Booklist, May 2009

“The author excels in depicting both the pilots and the New York City society swells attracted to aerobatic thrills...his evocative final chapter outlines the advances in aviation and its cost in lives. A singular contribution to early aviation history”
Library Journal May 2009

“Mortimer expertly interweaves the three stories, vivifying each event with a riveting combination of historical detail and novelistic suspense. He does especially fine work in rendering Hawley and Post’s ordeal after their balloon went down...enjoyable, accessible technological history, further enlivened by colorful character sketches of some of the most interesting figures in the early days of flying”
Kirkus Reviews April 2009

“Gavin Mortimer's Chasing Icarus brings us up close and personal with those daring young men and their flying machines...[his] narrative is dramatic, fast-paced, and entertaining [and] he skillfully describes the events.”
Barnes & Noble Review, August 2009


The Great Swim

“Mortimer's book, narrated with pacy enthusiasm and highlighted by the achievements of four largely forgotten heroines, is a fascinating and irresistible slice of sporting history.”
The Daily Mail, May 2008

“Mortimer’s deft, uncomplicated prose emerges as the perfect vessel for the story…his thorough research provides a cultural context as striking as his narrative”
The Times Literary Supplement, June 2008

“Mortimer has done a marvellous job in telling the story of a sporting phenomenon that gripped newspaper audiences on either side of the Atlantic during the summer of 1926...the effect makes for a thoroughly compelling read.”
The Birmingham Post, June 2008

“Mortimer's story of the grit of these women cracks along like a Channel tide...his descriptions of the caprice of the ribbon of water that defeated so many are compelling, but the tenacity of these women is this book's heart. The Great Swim admirably resuscitates the achievements of Ederle, Cannon, Barrett and Gade, all gunning for glory in that extraordinary summer of '26.” The Daily Telegraph, May 17, 2008

“Engrossing book…The Great Swim follows four American women who competed that summer to become the first female to cross the treacherous strait. Mortimer's descriptions of their attempts are gripping”
Entertainment Weekly, February 23 2008

“Mortimer tells this story with a verve that pulls the reader in like a high tide”
Washington Post, March 23 2008

“In his re-creation of Ederle's crossing you can't help but feel cold, wet and exhausted.”
Seattle Times, March 30 2008

“Mortimer has done Ederle—and sports history in general—a huge service in this wonderfully written book....”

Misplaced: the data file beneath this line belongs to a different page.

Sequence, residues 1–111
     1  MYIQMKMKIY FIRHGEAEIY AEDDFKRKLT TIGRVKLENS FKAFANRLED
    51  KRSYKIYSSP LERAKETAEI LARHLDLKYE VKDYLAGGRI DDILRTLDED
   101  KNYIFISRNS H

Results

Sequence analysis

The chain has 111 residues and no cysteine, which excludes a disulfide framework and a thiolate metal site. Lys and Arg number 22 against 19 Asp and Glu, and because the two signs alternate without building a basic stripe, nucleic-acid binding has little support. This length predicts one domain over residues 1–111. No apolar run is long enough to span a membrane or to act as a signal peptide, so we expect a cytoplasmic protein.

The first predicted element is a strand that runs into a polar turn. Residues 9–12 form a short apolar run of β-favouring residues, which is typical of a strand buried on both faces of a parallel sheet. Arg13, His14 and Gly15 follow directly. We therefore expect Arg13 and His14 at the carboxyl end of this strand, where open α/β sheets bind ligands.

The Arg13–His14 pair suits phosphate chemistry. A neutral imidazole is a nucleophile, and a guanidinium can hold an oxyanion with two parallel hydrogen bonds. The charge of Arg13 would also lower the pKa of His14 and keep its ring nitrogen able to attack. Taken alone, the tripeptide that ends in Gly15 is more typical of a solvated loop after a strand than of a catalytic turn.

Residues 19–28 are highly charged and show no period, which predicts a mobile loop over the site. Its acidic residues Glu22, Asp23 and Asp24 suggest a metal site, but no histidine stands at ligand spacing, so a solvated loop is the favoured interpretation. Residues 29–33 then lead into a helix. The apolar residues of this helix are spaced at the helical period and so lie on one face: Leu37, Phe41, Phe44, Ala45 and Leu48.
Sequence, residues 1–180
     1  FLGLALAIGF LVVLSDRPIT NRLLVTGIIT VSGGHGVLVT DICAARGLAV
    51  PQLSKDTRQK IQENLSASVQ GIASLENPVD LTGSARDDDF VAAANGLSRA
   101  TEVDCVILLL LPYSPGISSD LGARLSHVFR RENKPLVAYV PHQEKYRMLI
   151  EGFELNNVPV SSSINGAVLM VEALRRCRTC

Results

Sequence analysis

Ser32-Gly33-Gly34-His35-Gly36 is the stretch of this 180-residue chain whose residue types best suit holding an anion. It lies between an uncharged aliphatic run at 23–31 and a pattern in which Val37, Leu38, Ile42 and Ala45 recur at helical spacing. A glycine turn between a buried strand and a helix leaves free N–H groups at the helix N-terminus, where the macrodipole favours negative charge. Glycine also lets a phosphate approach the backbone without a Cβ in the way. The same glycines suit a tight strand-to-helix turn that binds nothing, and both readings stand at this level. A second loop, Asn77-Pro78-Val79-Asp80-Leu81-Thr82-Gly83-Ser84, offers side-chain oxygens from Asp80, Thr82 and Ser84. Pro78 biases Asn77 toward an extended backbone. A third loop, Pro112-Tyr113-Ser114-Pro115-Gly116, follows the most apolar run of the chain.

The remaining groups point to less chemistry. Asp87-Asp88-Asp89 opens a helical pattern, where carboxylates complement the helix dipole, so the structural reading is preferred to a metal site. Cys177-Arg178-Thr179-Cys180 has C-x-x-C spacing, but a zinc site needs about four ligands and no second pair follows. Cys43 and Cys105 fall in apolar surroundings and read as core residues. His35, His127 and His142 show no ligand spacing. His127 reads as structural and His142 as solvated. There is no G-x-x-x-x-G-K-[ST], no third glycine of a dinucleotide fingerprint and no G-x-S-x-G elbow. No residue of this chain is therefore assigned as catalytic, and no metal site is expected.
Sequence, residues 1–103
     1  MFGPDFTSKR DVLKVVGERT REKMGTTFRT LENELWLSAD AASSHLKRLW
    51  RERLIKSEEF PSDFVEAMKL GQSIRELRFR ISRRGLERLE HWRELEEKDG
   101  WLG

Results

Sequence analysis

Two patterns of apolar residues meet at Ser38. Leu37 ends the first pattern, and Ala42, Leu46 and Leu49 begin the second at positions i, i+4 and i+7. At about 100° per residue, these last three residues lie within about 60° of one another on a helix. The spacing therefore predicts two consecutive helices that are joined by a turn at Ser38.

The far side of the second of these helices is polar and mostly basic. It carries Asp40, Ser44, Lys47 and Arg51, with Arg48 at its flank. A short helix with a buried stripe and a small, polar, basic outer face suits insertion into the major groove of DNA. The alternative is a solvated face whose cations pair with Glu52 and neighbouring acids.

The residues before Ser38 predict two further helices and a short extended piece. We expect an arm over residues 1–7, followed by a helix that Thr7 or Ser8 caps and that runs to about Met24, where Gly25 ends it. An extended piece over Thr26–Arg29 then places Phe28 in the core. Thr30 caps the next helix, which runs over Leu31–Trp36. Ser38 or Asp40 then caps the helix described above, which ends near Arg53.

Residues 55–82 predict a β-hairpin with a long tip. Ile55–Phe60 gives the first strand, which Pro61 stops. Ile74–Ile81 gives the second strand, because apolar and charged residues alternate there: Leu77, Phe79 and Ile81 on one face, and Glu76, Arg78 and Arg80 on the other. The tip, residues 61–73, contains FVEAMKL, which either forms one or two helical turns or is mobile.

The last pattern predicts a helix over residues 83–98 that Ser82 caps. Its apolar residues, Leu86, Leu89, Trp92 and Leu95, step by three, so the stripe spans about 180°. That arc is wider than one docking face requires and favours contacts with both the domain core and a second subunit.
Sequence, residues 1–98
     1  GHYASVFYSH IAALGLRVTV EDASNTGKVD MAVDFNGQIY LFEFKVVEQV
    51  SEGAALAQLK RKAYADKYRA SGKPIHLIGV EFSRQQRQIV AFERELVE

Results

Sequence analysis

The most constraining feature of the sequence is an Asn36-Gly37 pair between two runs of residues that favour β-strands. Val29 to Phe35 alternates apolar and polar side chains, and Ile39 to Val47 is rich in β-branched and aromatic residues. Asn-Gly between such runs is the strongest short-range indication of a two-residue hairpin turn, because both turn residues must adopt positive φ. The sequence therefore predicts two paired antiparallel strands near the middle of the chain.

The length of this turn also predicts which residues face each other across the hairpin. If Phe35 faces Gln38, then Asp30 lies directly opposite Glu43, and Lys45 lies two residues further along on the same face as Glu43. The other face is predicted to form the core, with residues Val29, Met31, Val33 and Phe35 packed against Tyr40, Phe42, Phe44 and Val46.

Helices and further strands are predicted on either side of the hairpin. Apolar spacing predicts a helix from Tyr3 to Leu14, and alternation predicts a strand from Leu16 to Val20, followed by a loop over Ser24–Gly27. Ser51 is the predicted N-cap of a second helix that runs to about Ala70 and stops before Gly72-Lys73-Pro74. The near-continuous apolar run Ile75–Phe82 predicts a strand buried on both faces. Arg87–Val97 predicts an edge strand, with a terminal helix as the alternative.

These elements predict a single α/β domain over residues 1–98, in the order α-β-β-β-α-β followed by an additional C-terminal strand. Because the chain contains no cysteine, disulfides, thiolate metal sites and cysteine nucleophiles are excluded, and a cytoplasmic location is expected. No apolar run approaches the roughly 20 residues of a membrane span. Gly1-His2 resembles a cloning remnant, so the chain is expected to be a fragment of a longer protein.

Publishers Weekly, December 2007

“An engaging, entertaining read....a stirring portrait of courage and endurance, but also a bittersweet tale of the vagaries of fame and fortune.”
Kirkus Reviews, January 2008

“The book can be read as the story of a sporting competition or as an exploration of our timeless fascination with celebrity. Either way, it’s an absorbing and inspirational saga”
Booklist, January 2008

“The long-forgotten battles against cold, adverse tides, jellyfish and each other were front-page news on both sides of the Atlantic and are marvellously brought back to life here.”
The Sunday Times, November 2008


Fields of Glory

“It makes sobering as well as inspiring reading…he has done sports fans a service”
Brough Scott, Sunday Telegraph

Excellent…Mortimer is to be envied for his choice of subject and the skill with which he has treated it.”
Robin Marlar, The Cricketer [one of his five books of the year in 2001]

“Masterly”
Cape Argus [South Africa]

“A fascinating compilation that mixes boys' own tales of great deeds on sportsfields and battlefields.”
The Sunday Times

“This excellent book skilfully recalls the heady days when top sportsmen really were heroes”
Aberdeen Press & Journal

“A compelling read about men who fought hard, played hard and lived hard.”
Bolton Evening News

“If you like yarns that come spitting out of the pages with the ferocity of an overheated Lewis gun, then this one’s for you. A cracking read, make no mistake.”
Worcester Evening News

“One of the most fascinating sports books in a long time.”
Rugby World Magazine


Stirling’s Men

“Mortimer’s account possesses depth…a serious and extremely readable account of a band of warts-and-all warriors”
Western Daily Press

“A fascinating insight into the regiment’s birth and its early years…an enthralling read”
Mars & Minerva, Regimental Magazine of the SAS

“Mortimer proves that there is always room for thorough, well-crafted studies which go beyond the boys’ own bravado”
Eastern Daily Press

“Mortimer is a fine writer and brings his skills to bear in retelling the story…he knows how to hold the reader’s attention”
Scottish Legion News

“A fascinating book”
Derby Evening Telegraph

“A fabulous page-turning narrative that will capture the imagination”
The National Army Museum


The Longest Night

“The careful scene-setting painlessly imparts forgotten information about the facets of wartime life…Gavin Mortimer’s book is a timely reminder that there are still many living survivors who remember and were scarred by the terrifying experiences.”
The Literary Review

“Mortimer deserves full credit for assembling a mountain of material and presenting it with lucidity and balance”
Philip Ziegler, Daily Mail

“An excellent book…Gavin Mortimer has interviewed scores of survivors for his gripping narrative.”
Andrew Roberts, Wall Street Journal

“Well written…recaptures that desperate gripping time when the very survival of the country seemed to hang in the balance”
Morning Star

“Mortimer has achieved a complex task with great aplomb. The story of the Second World War always needs new ways of being told and this is a daring and effective attempt.”
Mail on Sunday

“Brilliantly constructed and utterly absorbing.”
The Romford Recorder

“This book vividly recalls the terror that came to London that May night”
Leicester Mercury

“Mortimer has written a hard-worked, widely-researched and altogether admirable book.”
The Contemporary Review

“A gripping account”
The Vancouver Sun